It is all part of the neoliberal (what used to be called liberal) project.

    Then the neoliberals come out and say things like this, which Minack mindlessly parrots: “Workers in the developed countries must accept lower pay so workers in the developing countries can make more.”

    For me, this is the biggest lie of some very big lies which the neoliberals tell.

    Take Mexico, for instance. Since 1982 when neoliberalism first began to be forced on the Mexican under-classes, the purchasing power of the minimum wage has fallen 71.3 percent. That of the wage of the average union worker has fallen 50%.

    According to what Roy writes, and reports like the following link, workers in India and China have fared no better, and their plight may even be worse than that of Mexican workers:

    101 East: China’s labour pains

    But left-wing academics in the US like Minack live in their Ivory Towers. For them, anything that happens outside the borders of the Untied States just doesn’t happen. It isn’t important enough to even be considered in their lofty analyses, other than to mindlessly repeat neoliberal tautologies.

    I think it all goes back to something George Orwell wrote:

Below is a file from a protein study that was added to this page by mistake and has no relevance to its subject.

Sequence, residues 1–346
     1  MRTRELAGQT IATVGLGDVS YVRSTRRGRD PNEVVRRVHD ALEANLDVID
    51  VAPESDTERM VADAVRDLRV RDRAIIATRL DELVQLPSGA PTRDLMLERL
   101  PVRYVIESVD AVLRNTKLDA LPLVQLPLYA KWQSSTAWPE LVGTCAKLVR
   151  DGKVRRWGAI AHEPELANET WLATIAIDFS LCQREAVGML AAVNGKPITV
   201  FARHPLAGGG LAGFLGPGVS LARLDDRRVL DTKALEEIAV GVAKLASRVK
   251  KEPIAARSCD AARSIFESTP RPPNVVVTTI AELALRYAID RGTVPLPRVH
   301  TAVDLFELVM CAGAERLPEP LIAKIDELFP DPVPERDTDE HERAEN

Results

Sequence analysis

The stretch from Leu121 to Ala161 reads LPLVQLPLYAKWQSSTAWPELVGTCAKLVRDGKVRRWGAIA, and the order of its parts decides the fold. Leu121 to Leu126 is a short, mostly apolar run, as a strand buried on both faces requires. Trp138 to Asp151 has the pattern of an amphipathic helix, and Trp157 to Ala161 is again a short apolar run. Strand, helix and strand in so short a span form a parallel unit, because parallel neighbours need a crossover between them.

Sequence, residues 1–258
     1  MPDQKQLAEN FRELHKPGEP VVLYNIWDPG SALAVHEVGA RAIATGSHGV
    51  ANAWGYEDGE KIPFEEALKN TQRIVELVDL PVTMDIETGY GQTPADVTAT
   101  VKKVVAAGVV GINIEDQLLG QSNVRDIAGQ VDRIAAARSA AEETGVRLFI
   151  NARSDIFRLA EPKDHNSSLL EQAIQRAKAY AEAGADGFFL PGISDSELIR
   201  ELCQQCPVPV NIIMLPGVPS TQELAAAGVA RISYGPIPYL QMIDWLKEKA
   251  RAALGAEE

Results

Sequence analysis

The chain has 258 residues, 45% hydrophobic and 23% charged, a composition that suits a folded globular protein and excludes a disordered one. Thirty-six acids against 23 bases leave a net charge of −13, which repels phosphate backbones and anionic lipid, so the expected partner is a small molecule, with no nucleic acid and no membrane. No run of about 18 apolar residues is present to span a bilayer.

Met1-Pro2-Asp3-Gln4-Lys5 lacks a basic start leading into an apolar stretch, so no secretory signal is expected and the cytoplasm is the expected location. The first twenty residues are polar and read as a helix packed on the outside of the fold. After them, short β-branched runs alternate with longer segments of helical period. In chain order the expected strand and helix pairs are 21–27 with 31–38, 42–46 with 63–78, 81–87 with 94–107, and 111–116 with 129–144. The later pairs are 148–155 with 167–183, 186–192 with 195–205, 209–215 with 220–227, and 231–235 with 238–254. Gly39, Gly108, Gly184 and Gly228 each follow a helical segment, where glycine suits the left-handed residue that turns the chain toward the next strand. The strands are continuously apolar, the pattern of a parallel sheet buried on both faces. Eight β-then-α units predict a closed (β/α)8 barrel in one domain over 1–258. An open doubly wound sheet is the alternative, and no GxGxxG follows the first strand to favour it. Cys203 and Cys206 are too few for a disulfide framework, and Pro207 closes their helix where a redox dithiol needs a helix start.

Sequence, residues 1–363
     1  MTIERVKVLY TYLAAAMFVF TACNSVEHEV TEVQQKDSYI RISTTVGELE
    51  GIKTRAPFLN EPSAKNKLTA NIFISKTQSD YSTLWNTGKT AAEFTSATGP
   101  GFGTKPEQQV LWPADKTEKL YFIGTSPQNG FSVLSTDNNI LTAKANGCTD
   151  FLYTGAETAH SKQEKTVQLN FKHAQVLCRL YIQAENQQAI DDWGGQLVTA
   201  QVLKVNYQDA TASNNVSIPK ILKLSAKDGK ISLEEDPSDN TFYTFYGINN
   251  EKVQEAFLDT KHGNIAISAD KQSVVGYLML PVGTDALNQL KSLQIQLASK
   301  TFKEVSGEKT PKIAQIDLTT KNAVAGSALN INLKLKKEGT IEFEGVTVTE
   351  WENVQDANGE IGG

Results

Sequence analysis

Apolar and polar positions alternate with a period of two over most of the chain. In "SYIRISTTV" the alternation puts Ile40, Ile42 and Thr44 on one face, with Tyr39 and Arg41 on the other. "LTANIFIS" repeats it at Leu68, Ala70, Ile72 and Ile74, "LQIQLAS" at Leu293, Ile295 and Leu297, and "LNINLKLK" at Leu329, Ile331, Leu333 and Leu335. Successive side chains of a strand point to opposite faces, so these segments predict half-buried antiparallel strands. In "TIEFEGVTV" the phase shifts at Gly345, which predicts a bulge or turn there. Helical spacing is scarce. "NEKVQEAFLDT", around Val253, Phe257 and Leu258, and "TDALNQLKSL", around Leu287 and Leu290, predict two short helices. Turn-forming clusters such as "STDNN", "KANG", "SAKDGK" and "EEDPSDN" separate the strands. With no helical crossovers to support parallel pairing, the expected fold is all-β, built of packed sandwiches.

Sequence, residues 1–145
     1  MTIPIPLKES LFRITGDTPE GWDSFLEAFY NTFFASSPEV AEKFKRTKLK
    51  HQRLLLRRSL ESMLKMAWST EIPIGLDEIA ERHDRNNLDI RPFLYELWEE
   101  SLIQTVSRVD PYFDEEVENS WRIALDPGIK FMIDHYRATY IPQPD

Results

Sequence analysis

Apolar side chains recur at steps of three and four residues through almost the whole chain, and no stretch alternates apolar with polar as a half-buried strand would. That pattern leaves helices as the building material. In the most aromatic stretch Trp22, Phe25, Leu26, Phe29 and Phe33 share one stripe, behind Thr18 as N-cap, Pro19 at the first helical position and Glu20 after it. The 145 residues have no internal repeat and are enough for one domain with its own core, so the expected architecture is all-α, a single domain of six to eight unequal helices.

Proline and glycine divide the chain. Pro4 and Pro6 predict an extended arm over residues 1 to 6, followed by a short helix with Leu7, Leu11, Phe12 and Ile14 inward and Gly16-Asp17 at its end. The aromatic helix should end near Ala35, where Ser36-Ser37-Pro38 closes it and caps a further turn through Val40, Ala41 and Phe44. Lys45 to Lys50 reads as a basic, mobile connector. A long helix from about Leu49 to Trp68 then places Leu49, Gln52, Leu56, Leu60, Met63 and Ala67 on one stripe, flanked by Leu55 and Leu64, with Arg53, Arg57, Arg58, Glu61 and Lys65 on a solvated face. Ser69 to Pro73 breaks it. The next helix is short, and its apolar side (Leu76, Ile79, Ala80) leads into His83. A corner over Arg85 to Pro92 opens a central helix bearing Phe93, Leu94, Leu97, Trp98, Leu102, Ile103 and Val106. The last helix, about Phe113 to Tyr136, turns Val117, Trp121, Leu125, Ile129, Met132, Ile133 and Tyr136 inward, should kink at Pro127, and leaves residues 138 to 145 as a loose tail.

All left-wing parties in the highly industrialized countries are at bottom a sham, because they make it their business to fight against something which they do not really wish to destroy…. We all live by robbing Asiatic coolies, and those of us who are “enlightened” all maintain that those coolies ought to be set free; but our standard of living, and hence our “enlightenment” demands that the robbery shall continue. A humanitarian is always a hypocrite, and Kipling’s understanding of this is perhaps the central secret of his power to create telling phrases. It would be difficult to hit off the one-eyed pacificsm of the English in fewer words than in the phrase, “making mock of uniforms that guard you while you sleep.” It is true that Kipling does not understand the economic aspect of the relationship between the highbrow and the blimp. He does not see that the map is painted red chiefly in order that the coolie may be exploited. Instead of the coolie he sees the Indian Civil Servant; but even on that plane his grasp of function, of who protects whom, is very sound. He sees clearly that men can only be highly civilized while other men, inevitably less civilized, are there to guard and feed them.